Although 60 years have passed since it became widely available on the therapeutic market, paracetamol dosage in patients with liver disease remains a controversial subject. Fulminant hepatic failure has been a well documented consequence of paracetamol overdose since its introduction, while short and long term use have both been associated with elevation of liver transaminases, a surrogate marker for acute liver injury. From these reports it has been assumed that paracetamol use should be restricted or the dosage reduced in patients with chronic liver disease. We review the factors that have been purported to increase risk of hepatocellular injury from paracetamol and the pharmacokinetic alterations in different pathologies of chronic liver disease which may affect this risk. We postulate that inadvertent under-dosing may result in concentrations too low to enable efficacy. Specific research to improve the evidence base for prescribing paracetamol in patients with different aetiologies of chronic liver disease is needed.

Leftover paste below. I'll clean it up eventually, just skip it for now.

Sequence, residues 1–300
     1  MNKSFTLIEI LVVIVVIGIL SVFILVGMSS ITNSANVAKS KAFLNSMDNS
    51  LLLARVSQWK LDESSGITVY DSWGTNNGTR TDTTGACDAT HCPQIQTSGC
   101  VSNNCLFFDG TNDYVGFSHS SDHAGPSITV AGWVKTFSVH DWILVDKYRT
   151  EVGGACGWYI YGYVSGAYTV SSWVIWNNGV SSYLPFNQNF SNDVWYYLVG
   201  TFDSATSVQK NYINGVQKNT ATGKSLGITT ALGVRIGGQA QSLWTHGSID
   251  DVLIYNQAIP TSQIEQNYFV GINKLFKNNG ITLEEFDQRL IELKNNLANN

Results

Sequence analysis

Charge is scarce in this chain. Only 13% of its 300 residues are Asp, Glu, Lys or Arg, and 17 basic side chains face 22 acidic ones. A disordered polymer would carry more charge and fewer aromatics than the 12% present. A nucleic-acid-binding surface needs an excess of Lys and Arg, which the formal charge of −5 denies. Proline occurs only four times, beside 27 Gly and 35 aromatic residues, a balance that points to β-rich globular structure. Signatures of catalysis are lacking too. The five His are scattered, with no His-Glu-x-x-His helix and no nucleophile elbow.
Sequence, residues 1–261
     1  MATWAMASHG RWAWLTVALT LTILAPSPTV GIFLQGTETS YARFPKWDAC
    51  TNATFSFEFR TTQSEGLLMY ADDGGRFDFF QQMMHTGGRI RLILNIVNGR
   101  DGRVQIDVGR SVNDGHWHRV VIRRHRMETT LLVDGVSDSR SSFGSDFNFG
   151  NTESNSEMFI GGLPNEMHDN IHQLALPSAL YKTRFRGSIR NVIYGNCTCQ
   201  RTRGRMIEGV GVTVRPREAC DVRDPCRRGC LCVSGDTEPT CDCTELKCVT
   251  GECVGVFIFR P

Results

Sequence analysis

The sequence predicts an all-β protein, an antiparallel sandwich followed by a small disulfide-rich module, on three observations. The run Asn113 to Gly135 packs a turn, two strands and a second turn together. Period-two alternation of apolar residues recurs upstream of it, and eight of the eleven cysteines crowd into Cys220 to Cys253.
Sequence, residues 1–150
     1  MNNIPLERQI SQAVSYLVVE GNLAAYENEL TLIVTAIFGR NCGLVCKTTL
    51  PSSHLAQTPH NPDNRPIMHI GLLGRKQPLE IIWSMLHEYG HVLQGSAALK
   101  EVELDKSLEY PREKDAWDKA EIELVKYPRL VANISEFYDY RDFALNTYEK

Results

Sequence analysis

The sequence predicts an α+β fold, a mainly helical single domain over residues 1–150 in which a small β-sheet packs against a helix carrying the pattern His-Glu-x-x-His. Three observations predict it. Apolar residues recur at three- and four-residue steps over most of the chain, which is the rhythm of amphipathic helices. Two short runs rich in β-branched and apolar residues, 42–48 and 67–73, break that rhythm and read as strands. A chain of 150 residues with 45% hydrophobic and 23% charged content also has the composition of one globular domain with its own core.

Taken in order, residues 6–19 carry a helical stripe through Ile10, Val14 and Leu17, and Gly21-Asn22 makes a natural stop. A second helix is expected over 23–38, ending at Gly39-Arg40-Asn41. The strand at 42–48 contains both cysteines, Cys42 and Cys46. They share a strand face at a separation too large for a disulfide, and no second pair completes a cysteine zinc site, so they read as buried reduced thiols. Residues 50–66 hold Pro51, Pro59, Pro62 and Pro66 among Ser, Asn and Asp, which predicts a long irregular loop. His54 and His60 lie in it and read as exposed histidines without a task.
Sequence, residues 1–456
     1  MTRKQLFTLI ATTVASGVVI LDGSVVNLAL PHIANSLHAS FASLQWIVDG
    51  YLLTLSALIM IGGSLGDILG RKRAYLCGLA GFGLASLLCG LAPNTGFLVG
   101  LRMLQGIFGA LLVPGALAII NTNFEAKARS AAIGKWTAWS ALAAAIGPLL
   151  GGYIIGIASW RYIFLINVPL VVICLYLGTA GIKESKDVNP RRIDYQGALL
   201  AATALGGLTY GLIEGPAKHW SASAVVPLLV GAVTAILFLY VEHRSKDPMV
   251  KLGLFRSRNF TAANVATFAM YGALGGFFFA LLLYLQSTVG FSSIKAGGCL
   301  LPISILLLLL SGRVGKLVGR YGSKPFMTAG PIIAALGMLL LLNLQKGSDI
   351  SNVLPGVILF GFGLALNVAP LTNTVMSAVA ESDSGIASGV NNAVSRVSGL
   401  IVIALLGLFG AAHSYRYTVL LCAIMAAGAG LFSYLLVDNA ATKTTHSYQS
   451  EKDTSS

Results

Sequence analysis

Keywords: NAFLD; analgesia; cirrhosis; pharmacokinetics.
© 2015 The British Pharmacological Society.